“It was the best of times and the worst of times . . .” Her voice slid in and curved down through and over the words. She was nearly singing. I wanted to look at the pages. Were they the same that I had read? Or were there notes, music, lined on the pages, as in a hymn book? Her sounds began cascading gently. I knew from listening to a thousand preachers that she was nearing the end of her reading, and I hadn’t really heard, heard to understand, a single word.
This was an example for our examination of how to use sensory language. In particular, we looked at how Angelou described sounds in this passage. (I have highlighted the phrases we focused on.) Notes from today are available here.
Fourth period completed the rubric for the Lord of the Flies project, which is due next Friday. I have created a template for the project. Both the Microsoft Word and Openoffice.org Writer version are included in this zip file (Lord of the Flies Project Template).
First, second, and seventh periods began the selection from Maya Angelou’s I Know Why the Caged Bird Sings. We read about Maya’s grandmother’s general store and how it was like a private fun park for Maya growing up. We closed the lesson writing about our own special places.
Fourth period finished up working on pronouns in our review of the parts of speech. We also discussed the journal project (three entries a week, each at least 300 words); I tried to impress upon them the simplicity of the assignment. Here is a sample entry.
First, second, and seventh periods: complete “My Special Place” topic.
Fourth period: draft/notes of the three examples students will use in the Lord of the Flies project (which will be due next Friday).
We will be reading a selection from Maya Angelou’s I Know Why the Caged Bird Sings tomorrow as part of our memoir unit. As the selection is set in the Depression, we looked at the Depression a bit today and began thinking about what to expect from the piece.
Second period began wrapping up the symbolism of Lord of the Flies. We determined a few things:
The beast represents the evil, selfish urges in all of us.
The conch symbolizes civil society.
The fire is a measure of how connected they are to the civilization they left behind.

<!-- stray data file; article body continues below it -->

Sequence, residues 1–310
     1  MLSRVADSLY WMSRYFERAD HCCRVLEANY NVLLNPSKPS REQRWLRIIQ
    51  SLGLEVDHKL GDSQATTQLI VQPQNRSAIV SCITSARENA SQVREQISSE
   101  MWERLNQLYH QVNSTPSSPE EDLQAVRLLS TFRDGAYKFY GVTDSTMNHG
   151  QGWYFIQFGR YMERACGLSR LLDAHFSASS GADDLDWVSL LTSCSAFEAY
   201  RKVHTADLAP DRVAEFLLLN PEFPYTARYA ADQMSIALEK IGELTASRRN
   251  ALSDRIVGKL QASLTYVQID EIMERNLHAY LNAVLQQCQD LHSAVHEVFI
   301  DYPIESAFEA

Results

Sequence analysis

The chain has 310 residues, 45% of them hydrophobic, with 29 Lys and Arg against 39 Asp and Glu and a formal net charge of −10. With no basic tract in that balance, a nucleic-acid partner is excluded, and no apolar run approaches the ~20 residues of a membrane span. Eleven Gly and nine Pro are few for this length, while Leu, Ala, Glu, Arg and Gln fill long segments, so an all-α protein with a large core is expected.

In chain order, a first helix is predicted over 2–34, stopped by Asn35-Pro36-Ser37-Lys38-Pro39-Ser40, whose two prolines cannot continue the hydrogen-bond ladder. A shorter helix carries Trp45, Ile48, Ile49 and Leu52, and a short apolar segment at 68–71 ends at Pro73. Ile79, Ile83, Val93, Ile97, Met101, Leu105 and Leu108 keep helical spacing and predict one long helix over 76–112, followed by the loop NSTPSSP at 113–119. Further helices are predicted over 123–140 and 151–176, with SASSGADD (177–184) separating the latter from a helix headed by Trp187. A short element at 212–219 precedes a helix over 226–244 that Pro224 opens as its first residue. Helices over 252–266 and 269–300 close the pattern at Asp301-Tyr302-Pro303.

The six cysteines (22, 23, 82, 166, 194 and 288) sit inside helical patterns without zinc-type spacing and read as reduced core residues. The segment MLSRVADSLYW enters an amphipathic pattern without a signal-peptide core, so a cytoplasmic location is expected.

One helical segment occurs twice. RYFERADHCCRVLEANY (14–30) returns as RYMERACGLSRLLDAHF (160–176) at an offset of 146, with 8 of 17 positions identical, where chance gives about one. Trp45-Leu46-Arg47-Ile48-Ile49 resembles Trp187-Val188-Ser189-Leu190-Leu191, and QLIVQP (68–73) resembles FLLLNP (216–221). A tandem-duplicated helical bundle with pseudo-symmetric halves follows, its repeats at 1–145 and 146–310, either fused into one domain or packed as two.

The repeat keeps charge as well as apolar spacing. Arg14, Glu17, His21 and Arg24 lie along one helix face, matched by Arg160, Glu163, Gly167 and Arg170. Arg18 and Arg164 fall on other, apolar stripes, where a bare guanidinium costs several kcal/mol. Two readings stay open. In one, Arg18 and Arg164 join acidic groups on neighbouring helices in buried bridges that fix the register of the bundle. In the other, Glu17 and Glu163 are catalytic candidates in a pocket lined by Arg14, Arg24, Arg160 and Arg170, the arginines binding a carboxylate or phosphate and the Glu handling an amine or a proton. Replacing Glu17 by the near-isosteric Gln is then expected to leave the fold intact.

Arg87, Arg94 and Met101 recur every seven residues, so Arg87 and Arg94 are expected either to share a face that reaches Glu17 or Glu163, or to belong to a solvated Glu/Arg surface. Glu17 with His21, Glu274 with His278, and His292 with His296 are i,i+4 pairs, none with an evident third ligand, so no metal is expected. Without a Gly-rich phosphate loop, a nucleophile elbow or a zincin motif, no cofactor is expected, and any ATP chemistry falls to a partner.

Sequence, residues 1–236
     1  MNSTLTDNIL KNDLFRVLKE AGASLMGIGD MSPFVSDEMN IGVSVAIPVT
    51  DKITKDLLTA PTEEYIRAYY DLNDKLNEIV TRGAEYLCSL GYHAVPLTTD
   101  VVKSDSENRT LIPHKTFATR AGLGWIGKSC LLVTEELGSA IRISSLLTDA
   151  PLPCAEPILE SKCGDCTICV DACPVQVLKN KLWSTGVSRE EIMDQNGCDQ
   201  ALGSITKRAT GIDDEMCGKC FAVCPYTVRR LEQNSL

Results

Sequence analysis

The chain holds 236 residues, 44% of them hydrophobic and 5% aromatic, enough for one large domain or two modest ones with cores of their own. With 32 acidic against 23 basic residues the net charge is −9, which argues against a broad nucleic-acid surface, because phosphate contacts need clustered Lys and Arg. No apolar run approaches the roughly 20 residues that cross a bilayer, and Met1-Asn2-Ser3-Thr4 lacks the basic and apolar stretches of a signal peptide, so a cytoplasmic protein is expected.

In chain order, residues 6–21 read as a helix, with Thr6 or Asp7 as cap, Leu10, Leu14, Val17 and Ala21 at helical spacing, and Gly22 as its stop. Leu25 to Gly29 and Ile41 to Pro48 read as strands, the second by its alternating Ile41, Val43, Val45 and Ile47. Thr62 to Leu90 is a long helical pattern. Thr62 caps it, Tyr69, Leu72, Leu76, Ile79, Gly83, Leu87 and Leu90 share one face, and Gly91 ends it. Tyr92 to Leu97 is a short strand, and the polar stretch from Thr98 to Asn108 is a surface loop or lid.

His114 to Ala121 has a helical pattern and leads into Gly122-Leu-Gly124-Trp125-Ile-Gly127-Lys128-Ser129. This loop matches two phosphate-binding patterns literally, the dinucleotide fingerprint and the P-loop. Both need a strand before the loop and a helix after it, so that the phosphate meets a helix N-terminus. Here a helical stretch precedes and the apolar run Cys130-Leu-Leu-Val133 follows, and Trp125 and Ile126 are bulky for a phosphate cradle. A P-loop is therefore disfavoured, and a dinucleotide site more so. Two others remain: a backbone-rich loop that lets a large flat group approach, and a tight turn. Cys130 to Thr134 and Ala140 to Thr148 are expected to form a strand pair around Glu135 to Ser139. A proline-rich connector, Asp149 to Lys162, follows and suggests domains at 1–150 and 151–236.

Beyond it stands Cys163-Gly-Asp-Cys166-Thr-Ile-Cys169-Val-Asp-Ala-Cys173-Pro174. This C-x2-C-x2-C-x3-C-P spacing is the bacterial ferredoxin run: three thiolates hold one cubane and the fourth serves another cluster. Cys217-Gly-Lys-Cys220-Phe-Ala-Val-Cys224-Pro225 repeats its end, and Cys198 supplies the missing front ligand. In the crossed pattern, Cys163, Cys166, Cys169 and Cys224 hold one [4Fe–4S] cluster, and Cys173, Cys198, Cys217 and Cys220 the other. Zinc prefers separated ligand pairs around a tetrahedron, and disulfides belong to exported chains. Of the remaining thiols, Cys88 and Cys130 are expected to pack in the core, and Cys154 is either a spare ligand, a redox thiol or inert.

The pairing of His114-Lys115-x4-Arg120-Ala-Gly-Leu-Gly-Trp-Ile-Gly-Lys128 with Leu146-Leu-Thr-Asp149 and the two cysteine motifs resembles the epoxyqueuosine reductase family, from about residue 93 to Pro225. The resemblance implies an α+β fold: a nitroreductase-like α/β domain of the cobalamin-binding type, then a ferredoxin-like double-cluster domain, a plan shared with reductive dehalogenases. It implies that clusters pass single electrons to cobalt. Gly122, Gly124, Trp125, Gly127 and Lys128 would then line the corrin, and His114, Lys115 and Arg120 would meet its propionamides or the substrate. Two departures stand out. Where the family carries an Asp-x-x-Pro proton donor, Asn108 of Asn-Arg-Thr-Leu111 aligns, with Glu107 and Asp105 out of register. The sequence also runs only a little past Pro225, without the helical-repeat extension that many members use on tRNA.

Piggy symbolizes the rational drive of humanity.
Jack represents the selfish, impulsively selfish side of humans.
Ralph represents the rule of law by common consent.
We will be finishing up the selection this week.
First, second, and seventh periods: finish the “Letter to Maya.”
First, second, and seventh periods began looking at specific ways to elevate their writing. Our first step was to ensure paragraph unity: all sentences in a paragraph need to point back to the paragraph’s topic.
Often, we have to write about topics that, quite frankly, bore us. It’s not just in school, either. Seemingly boring topics are trying because we don’t know what to write — nothing comes to mind at first.
Enter: today’s lesson with English Strategies and English Studies (first, second, and seventh periods). As part of our on-going lesson about finding topics for an assigned paper, we explored today the mysterious Myth of the Boring Paper.
We looked at a single dollar bill; as a class and in groups, we looked closely at it and tried to notice as many little, odd details as possible. (For example, have you ever noticed that there is an owl or an eagle in the upper-right corner of the dollar bill?) Once we shared our details and converted them into questions, it became obvious that a seemingly boring topic like a dollar bill can be full of possibilities.
Afterward, students in groups created questions for an assortment of “boring” topics: a stapler, a pack of Post-It notes, and a dry-erase marker were among the items.
In the end, everyone wrote an affirmation in their writing notebook: “I can write about anything if I look at it carefully enough.”
First, second, and seventh periods (English Strategies and English Studies classes) continued working on writing. We made a short list of pet peeves as a basis for our writing. Afterward, we compared our lists to expand them — “Oh, I hadn’t thought of that! That drives me crazy, too!” — and did some writing on the topics we’d just come up with.
Next week we’ll begin working on revising, focusing on organization to begin with.